VANCOUVER, Oct. 28 /CNW/ - As British Columbians set back their clocks this Saturday for Daylight Savings Time (DST), ICBC is reminding drivers, cyclists and pedestrians to take extra care next week due to the grogginess some people may experience.
The time change can have a significant effect on people's sleep patterns, resulting in a disruption to their circadian rhythms or 'biological clock.' When Daylight Savings ends, drivers have to adjust to a shorter day and commute in darker conditions. Combined with worsening weather and road conditions, it can be a dangerous combination. Drivers, cyclists and pedestrians should remember to use caution and leave extra time to get to their destinations - particularly during the Monday commute.
Crash statistics illustrate a higher driving risk the first work day after Daylight Savings ends. According to the five year average (2004-2008), on the Monday following the fall time change there were 900 crash incidents, compared to 700 incidents the Monday before the time change.
According to the five-year average, the first Monday after the fall time change saw a 29 per cent increase in crash incidents, and 52 per cent increase in casualties, compared to the Monday before the time change (2004-2008). The average cost for crash incidents following the fall time change (2004-2008) was $6.5 million.
The following are ICBC's top five fall smart driving tips:
No. 1 - Be alert. Reduced light conditions can make it more difficult to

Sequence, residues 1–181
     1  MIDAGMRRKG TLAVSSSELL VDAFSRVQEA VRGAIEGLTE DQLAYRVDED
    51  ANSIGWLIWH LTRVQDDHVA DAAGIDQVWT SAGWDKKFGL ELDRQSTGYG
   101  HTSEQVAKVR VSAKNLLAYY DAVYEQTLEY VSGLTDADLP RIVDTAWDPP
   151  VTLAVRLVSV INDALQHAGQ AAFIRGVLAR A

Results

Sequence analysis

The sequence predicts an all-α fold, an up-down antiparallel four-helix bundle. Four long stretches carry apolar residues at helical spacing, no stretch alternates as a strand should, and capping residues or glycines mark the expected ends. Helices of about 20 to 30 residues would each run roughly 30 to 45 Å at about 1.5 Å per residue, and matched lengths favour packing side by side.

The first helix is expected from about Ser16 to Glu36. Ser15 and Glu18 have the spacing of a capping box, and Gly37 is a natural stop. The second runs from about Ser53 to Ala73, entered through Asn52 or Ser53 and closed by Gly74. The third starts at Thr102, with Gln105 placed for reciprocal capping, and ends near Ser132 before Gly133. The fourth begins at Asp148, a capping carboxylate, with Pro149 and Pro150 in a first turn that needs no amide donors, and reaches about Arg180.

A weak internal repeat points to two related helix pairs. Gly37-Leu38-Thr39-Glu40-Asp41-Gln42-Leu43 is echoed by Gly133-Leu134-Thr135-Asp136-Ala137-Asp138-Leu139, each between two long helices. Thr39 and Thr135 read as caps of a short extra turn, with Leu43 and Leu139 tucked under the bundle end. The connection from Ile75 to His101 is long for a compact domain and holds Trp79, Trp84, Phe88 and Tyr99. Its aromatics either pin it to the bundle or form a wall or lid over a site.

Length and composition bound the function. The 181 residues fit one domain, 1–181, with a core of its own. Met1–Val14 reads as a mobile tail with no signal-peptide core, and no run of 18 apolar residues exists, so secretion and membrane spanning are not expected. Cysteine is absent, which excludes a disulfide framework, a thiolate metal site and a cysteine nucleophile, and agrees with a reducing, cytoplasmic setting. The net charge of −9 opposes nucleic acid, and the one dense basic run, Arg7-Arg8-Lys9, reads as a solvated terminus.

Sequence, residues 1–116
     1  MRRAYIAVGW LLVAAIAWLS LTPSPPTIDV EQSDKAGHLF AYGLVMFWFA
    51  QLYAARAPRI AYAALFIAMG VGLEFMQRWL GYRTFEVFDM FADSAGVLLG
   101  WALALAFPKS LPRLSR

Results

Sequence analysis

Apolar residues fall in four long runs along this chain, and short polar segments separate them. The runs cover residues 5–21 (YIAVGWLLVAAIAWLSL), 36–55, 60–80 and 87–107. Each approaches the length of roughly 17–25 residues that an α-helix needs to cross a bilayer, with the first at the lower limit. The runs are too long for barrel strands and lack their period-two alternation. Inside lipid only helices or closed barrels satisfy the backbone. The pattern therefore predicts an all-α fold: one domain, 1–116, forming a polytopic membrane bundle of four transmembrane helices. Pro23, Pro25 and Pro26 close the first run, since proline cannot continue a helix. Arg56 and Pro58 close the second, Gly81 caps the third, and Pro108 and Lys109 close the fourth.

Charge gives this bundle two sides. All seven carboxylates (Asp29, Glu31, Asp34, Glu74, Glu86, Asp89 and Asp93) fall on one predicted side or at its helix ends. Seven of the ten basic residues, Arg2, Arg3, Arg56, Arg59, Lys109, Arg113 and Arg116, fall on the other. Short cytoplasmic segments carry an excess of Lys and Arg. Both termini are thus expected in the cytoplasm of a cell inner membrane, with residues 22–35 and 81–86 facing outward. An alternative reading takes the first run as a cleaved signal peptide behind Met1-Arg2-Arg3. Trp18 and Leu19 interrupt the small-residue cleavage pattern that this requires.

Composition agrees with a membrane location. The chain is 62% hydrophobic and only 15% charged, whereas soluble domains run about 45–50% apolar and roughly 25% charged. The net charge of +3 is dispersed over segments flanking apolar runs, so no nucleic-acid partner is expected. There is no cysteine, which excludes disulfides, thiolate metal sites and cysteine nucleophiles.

see pedestrians, cyclists and other road users. Drivers, pedestrian and
cyclists need to be especially vigilant.
No. 2 - Light the way. Use your headlights at all times to ensure you are
visible to pedestrians and other vehicles. Make sure your headlights are
clean (splattered mud can cloud them) and that all bulbs (both high and
low beam) are working properly.
No. 3 - Get some rest. Try to get to bed earlier - and to help yourself
to fall asleep faster, exercise during the day, have a hot bath or shower
before going to bed and treat yourself to a book and a warm glass of
No. 4 - Plan ahead. Plan to take more time driving to and from work next
week. Try to get in the habit of listening to traffic updates or checking
drivebc.ca before heading out.
No. 5 - Slow down and keep your distance. The roads will be busy, and
excessive speed is the number one cause of crashes. Remember it takes
longer to stop on wet roads or on roads covered with leaves or mud.
For further information: For further information: Adam Grossman, (604) 982-1332